State facing significant compensation bill over miscarriage of justice

Louth man spent 14 months in prison after 2017 conviction for IRA membership

In June 2018, the Court of Appeal had set aside the applicant’s conviction and ordered a retrial. File photograph: Getty

In June 2018, the Court of Appeal had set aside the applicant’s conviction and ordered a retrial. File photograph: Getty

 

The State is facing a significant compensation bill after the Special Criminal Court ruled a man who spent 14 months in prison on an IRA membership charge was the victim of a miscarriage of justice.

Michael Connolly (47) was convicted in the non-jury court after an Assistant Garda Commissioner gave belief evidence that he was a member of the IRA.

Unlike other courts, the Special Criminal Court can accept the belief evidence of high-ranking gardaí in such cases as long as it is based on material that is independent to the evidence before the court.

In Mr Connolly’s case, it emerged the basis for Assistant Commissioner Michael O’Sullivan’s belief evidence was also contained in the book of evidence against the accused, resulting in a danger of it being “double-counted”.

In a judgment published on Monday declaring a miscarriage of justice, the court said there was a “grave defect” in the administration of justice in the case brought about “by agents of the State”.

It ruled Mr O’Sullivan had made “an unqualified assertion” during the trial that none of the material that formed the basis of his belief was in the book of evidence against the accused.

The Special Criminal Court described this assertion as “seriously incomplete and misleading”.

Miscarriage of justice determinations are extremely rare. It is understood there have only been about 12 such declarations in the last 30 years.

Under the Criminal Justice Procedure Act 1993, the issuing of a miscarriage of justice declaration allows the defendant to apply to the Minister for Justice for compensation. The amount of compensation can also be appealed to the High Court.

Difficult to guess

Legal sources said on Monday it is difficult to guess how much Mr Connolly may be entitled to, given the confidential nature of most previous pay-outs.

The length of time he spent in prison- 14 months – will be a major factor, as will the impact the prosecution had on his personal life. “It essentially becomes a personal injury case,” one experienced solicitor said.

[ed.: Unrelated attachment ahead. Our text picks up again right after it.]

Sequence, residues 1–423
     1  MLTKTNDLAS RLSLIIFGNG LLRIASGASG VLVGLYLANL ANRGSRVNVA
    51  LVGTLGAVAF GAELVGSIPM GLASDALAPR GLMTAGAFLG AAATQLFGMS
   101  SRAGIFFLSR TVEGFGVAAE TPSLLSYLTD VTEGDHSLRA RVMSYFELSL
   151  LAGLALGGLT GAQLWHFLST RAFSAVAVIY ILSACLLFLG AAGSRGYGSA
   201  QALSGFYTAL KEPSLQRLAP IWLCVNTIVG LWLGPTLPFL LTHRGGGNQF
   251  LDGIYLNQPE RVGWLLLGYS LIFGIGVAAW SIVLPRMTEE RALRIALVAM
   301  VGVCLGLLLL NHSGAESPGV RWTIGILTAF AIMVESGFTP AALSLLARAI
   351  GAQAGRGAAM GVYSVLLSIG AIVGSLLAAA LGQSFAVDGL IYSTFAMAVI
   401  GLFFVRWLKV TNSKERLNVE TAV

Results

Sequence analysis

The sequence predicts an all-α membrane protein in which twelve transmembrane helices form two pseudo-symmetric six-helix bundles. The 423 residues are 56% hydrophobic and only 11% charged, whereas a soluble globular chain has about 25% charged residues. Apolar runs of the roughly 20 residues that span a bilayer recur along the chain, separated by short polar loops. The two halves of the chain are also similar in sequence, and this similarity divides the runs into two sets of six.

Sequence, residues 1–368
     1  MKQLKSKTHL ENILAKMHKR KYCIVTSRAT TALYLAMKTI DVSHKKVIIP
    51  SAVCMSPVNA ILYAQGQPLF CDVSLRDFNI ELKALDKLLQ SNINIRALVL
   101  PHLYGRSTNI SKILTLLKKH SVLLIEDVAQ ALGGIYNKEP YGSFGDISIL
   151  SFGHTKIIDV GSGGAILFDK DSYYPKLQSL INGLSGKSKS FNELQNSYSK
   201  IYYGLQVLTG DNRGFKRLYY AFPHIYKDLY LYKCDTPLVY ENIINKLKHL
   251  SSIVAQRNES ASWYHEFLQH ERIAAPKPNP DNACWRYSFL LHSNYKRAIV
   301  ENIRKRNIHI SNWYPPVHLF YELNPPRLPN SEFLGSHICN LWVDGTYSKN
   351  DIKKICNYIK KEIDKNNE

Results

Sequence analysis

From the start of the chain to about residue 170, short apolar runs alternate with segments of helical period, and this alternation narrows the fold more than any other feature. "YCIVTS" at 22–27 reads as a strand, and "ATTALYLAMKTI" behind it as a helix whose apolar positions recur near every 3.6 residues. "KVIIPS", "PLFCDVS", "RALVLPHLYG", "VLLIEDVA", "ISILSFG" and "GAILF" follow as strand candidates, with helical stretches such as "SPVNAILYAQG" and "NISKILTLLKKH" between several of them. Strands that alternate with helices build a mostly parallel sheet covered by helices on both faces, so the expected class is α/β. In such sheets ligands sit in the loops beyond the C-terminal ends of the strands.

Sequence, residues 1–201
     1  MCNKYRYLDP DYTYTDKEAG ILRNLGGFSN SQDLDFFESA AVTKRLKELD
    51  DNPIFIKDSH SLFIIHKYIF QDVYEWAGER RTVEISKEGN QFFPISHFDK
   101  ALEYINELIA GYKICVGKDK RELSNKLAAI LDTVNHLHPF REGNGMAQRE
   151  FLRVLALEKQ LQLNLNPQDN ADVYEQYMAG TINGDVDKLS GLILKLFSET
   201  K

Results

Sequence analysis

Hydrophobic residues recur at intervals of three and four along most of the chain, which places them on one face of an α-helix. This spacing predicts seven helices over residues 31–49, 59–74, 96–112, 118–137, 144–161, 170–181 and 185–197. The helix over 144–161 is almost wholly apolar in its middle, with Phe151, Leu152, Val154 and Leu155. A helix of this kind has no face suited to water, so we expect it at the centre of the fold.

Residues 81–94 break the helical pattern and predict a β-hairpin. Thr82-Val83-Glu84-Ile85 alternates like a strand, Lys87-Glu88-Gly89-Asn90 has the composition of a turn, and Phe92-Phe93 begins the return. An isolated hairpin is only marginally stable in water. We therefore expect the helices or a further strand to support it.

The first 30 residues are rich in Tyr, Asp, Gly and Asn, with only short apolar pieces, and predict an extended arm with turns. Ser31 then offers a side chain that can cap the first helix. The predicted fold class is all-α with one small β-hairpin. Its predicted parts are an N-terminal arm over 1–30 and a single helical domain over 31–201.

Lawyers who have worked in previous miscarriage of justice cases said Mr Connolly may be entitled to between €300,000 and €1 million or possibly more.

In 2007 Donegal publican Frank Shortt received a final pay-out of €4.6 million in damages for his wrongful conviction and imprisonment on charges that he allowed drug dealing at his former premises.

However, Mr Shortt’s case involved a far more serious degree of State wrongdoing than occurred in Mr Connolly’s prosecution.

Gardaí conspired to concoct false evidence against Mr Shortt while in Mr Connolly’s case the judges accepted the Assistant Commissioner was not trying to mislead the court.

The three-judge panel said it was satisfied it was “careless” of the Garda officer to make the relevant assertion without “being aware at least of the general nature of the alleged independent supporting evidence disclosed” in the book of evidence.

Mr Connolly, of Grange Drive in Dundalk, Co Louth, had pleaded not guilty to membership of the IRA after he had been observed by gardaí driving in convoy on December 16th, 2014, with another man who was then found with two improvised explosive devices.

Retrial

He was convicted in 2017. The next year the Court of Appeal overturned the conviction and ordered a retrial.

In a 2019 retrial Mr Connolly was acquitted after the court found it could not rely on the Assistant Commissioner’s belief evidence as being separate from the evidence of the accused’s movements on December 16th, 2014.

The court said there was reasonable doubt over whether the Garda had impermissibly double-counted evidence in arriving at his belief.